After search and replace (all), you get:

9c 2a 04 77 5c d8 50 91 3a 06 a3 82 e0 d8 50 48 
bc 89 3f f1 19 70 1a 88 46 7e e0 8f c5 f1 89 ce 
21 ee 5a fe 61 0d b7 32 44 89 a0 74 0b 53 4f 55 
a4 ce 82 62 95 ee eb 59 5f c6 e1 05 80 12 c4 5e 
94 3f bc 5b 48 38 f4 53 f7 24 e6 fb 91 e9 15 c4 
cf f4 53 0d f4 4a fc 9f 54 de 7d be a0 6b 6f 87 
c0 d0 50 1f 28 30 03 40 da 08 73 51 6c 7f ff 3a 
3c a7 37 06 8e bd 4b 11 04 eb 7d 24 de e6 f9 fc 
31 71 fb 94 d5 60 f3 2e 4a af 42 d2 cb ea c4 6a 
1a b2 cc 53 dd 15 4b 8b 1f c8 19 61 1f cd 9d a8 
3e 63 2b 84 35 69 65 84 c8 19 c5 46 22 f8 53 95 
be e3 80 4a 10 c6 2a ec ba 97 20 11 c7 39 99 10 
04 a0 f0 61 7a 95 25 8c 4e 52 75 e2 b6 ed 08 ca 
14 fc ce 22 6a b3 4e cf 46 03 97 97 03 7e c0 b1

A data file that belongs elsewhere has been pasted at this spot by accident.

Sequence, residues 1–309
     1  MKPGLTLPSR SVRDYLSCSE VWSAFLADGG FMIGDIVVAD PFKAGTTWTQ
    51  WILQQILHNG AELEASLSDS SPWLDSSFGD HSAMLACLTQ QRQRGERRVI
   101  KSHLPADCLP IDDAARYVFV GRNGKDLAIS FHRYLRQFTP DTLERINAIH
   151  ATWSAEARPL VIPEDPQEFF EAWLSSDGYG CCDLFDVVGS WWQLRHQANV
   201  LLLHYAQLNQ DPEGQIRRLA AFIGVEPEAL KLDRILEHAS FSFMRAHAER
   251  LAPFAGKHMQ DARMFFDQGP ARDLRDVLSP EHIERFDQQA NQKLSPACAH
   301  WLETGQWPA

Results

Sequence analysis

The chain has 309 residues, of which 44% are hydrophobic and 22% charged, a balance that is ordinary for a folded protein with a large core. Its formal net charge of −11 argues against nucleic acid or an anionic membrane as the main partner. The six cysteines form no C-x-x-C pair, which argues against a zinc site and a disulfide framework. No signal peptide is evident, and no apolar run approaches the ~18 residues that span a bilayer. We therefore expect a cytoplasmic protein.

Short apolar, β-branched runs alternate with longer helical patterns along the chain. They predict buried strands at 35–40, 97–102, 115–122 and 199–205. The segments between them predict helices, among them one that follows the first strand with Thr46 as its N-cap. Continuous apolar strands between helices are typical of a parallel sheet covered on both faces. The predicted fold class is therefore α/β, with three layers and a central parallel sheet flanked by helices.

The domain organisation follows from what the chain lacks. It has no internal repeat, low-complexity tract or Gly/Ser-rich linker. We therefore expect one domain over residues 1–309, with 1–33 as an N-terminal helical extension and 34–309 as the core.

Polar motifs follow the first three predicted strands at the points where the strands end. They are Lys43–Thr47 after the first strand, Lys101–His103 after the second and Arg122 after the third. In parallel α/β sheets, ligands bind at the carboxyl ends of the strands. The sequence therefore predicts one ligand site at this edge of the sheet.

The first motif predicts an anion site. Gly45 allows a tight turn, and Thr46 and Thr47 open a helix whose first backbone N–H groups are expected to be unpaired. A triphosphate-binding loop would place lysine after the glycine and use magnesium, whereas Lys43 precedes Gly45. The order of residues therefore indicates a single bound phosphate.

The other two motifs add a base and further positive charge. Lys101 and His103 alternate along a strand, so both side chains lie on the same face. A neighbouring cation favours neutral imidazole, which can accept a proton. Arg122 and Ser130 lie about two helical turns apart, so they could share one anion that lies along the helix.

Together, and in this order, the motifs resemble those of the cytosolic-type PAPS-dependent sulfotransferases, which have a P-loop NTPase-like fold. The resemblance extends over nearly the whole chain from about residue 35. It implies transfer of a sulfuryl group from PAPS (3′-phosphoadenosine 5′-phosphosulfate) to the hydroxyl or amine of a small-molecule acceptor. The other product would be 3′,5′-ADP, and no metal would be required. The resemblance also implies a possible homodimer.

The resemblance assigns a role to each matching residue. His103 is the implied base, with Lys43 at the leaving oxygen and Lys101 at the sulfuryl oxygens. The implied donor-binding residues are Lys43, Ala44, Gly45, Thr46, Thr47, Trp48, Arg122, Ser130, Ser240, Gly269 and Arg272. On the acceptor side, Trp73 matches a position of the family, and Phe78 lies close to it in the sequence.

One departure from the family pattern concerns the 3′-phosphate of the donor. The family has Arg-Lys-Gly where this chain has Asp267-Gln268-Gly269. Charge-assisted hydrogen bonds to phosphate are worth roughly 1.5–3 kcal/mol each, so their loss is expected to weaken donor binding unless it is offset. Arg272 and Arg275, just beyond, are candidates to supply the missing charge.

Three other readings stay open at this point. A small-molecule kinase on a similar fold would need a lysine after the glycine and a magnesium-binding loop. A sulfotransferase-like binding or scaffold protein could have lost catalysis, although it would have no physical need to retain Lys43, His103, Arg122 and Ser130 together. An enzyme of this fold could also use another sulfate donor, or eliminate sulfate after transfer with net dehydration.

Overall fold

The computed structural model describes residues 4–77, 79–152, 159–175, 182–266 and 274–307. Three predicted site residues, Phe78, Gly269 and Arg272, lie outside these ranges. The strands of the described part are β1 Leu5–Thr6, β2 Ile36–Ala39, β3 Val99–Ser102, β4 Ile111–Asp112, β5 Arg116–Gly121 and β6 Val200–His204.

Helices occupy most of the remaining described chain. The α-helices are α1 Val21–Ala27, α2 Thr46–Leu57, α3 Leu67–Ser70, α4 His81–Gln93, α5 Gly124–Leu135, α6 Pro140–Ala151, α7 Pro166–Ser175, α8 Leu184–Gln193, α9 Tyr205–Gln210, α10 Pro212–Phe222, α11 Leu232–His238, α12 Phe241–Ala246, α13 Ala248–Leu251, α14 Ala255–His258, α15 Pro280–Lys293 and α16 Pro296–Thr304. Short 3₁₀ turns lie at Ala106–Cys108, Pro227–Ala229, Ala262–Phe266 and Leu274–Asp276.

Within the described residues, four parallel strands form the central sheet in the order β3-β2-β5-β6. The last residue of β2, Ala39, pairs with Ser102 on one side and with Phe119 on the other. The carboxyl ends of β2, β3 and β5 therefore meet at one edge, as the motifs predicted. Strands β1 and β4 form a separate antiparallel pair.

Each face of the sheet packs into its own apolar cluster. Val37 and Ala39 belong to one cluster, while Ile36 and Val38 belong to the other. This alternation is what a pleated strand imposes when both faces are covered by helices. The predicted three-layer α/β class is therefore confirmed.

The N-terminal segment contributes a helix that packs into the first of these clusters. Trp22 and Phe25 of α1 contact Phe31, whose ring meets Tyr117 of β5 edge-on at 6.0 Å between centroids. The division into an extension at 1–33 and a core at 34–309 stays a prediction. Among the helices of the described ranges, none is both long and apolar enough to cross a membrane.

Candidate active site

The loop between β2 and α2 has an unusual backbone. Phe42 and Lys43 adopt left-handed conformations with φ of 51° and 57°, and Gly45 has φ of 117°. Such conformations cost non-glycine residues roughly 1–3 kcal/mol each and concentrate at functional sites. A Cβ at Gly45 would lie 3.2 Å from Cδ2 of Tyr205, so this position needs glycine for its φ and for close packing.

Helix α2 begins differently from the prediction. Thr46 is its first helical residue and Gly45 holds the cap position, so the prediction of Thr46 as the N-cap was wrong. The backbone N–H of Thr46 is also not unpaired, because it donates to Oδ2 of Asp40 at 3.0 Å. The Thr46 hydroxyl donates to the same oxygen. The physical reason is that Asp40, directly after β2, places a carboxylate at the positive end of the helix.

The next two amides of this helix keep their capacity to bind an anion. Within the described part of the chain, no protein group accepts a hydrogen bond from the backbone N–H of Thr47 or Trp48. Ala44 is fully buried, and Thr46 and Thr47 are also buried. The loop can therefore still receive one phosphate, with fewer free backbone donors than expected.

de 7b af 45 33 cf ba 3e 71 b7 de f4 25 25 c2 0d 
35 89 9d 9d fb 0e 11 79 89 1e 37 c5 af 8e 72 69
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  • Thanks. You saved my time :) – denys Jun 21 '16 at 5:58
2

Hi I came across this solution and tried it with Sublime Text 3, works great. If I use the usual Alt+q on a python docstring, it will do pretty much what's desirable:

  • will limit the scope to the docstring
  • will have the beginning and ending ''' or """ properly done

It involved modifying one command from the default package. Please see here.

https://gist.github.com/SmileyChris/4340807

In Sublime Text 3, the default package is under \Packages\Default.sublime-package. You will have to unzip it, and find the file paragraph.py. Place (just) this file under your user package directory eg. \Data\Packages\Default\ so this file now overwrites the default package's paragraph.py.

Thanks to the original author Chris Beaven (SmileyChris).